Nic Murray, Research Officer, Money and Mental Health

What the FCA credit card market study means for mental health

What’s the credit limit on your credit card? Don’t know? You’re not alone.


For many people with mental health problems – and others – the current system puts them at risk of spending more than they can afford and getting into unsustainable debt.

Take two of the comments from members of our Research Panel:


“[My credit] limit just seems to keep on going up. When I am manic I just spend & spend.”


“Due to depression and anxiety it is very difficult at times to deal with contacting companies.”


That’s why, at Money and Mental Health, we’re pleased the Financial Conduct Authority is consulting on new rules to stop companies from putting your limit up without you asking them to do so, and to ensure they send text notifications if you’re close to your limit.

This consultation is part of a wider credit card market study, that has been criticised by some – and it’s certainly a shame it’s taken so long to tackle this risky practice by credit card providers.


Why does this matter?
A 2015 report from the Debt Advisory Centre suggested that as many as 15 million credit card holders in the UK had their credit limit increased in the previous year without them requesting this. For many cardholders this may not be an issue – they may spend only what they can afford, and they may feel confident to call and ask for their limit to be reduced.

But many people have have told us when they are unwell they find contacting financial providers to complete tasks like this much more difficult and are often unable to do so due to the stress and anxiety they bring.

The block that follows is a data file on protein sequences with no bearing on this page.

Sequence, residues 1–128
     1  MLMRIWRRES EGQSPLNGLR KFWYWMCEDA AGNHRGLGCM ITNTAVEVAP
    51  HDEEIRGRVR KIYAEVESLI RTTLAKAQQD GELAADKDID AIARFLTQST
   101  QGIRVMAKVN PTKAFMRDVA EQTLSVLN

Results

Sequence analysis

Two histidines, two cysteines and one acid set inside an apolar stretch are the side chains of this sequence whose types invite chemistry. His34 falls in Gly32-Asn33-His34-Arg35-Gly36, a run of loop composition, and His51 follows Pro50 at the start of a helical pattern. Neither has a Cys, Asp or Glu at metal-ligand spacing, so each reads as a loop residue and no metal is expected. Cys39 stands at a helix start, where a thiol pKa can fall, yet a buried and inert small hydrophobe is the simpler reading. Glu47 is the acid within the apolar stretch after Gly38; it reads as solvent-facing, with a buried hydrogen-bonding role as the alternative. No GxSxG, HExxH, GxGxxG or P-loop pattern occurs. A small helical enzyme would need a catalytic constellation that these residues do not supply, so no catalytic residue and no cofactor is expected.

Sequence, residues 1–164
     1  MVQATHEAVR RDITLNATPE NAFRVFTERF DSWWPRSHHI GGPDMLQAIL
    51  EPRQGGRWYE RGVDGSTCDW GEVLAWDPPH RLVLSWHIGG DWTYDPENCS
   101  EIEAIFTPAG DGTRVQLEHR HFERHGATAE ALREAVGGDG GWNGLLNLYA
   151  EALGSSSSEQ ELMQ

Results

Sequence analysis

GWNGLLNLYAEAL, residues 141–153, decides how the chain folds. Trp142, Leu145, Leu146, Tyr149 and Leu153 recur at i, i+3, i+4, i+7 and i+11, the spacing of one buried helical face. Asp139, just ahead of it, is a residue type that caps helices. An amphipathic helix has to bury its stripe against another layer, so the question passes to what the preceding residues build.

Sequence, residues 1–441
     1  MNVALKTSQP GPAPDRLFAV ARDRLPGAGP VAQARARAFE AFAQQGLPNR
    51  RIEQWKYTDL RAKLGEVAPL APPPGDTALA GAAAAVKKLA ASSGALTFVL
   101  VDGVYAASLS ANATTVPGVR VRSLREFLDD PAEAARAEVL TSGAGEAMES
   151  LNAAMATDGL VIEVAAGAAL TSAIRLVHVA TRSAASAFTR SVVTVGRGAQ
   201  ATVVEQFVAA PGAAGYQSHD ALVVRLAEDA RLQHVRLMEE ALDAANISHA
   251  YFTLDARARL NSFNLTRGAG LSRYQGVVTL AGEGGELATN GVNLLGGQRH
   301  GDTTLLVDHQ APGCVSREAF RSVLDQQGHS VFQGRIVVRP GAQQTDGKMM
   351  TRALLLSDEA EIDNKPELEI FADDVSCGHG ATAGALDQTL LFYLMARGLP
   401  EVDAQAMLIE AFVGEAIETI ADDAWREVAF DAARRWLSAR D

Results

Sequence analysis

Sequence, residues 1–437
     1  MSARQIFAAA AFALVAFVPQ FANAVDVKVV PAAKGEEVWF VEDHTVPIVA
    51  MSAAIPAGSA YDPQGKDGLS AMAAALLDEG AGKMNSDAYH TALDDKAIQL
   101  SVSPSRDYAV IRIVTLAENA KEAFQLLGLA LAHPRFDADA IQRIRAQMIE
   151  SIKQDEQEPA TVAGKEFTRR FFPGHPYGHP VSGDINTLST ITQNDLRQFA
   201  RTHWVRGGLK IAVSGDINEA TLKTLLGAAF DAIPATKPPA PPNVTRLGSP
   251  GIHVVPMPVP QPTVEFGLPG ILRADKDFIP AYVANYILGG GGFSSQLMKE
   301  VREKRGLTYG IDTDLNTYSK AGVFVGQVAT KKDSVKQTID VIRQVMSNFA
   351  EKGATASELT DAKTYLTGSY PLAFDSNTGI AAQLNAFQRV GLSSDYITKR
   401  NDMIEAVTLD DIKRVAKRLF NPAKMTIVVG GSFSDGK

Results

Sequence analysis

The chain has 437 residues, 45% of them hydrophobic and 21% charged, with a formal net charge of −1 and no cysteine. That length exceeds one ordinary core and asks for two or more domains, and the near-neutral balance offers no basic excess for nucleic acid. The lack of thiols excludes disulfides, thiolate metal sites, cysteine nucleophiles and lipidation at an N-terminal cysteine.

This means that some may be left with a higher credit limit than they would wish, which can often serve as an unavoidable temptation when unwell. Increased spending has been highlighted as a very common issue, with people telling us that if there is money available to them they will spend it until it’s gone.


“When I am feeling unwell it’s like I lose all sense of reality. I’m living and breathing someone’s else’s air, spending someone else’s money.”


Our research also identified that many people find staying on top of financial management harder in periods of poor mental health. Over half of the five and a half thousand people we spoke to for our Money on your Mind report told us that they have been behind with bills in the last year, with 67% saying it was due to difficulty managing money.

Many respondents described themselves as being in a state of denial about their finances when they’re unwell, or disengaging completely. We believe the proposal to introduce text alerts as you near your credit limit could be one way to support those who are struggling to engage with financial management to avoid greater financial harm.


“I don’t want to avoid reality, but it’s too stressful to think about.”


Let us know what you think
We believe it is important to ensure that the voices of those with mental health problems are heard to ensure that the credit card market best accounts for their needs. Money and Mental Health intend to contribute to the FCA’s ongoing consultation, making sure that those with mental health problems, and all others, can benefit from any tools and regulation to support the everyday use of credit cards.

If you have any feedback on this report please let us know, or if you want to help contribute to the consultation you can share your story and ideas with us by joining our research panel.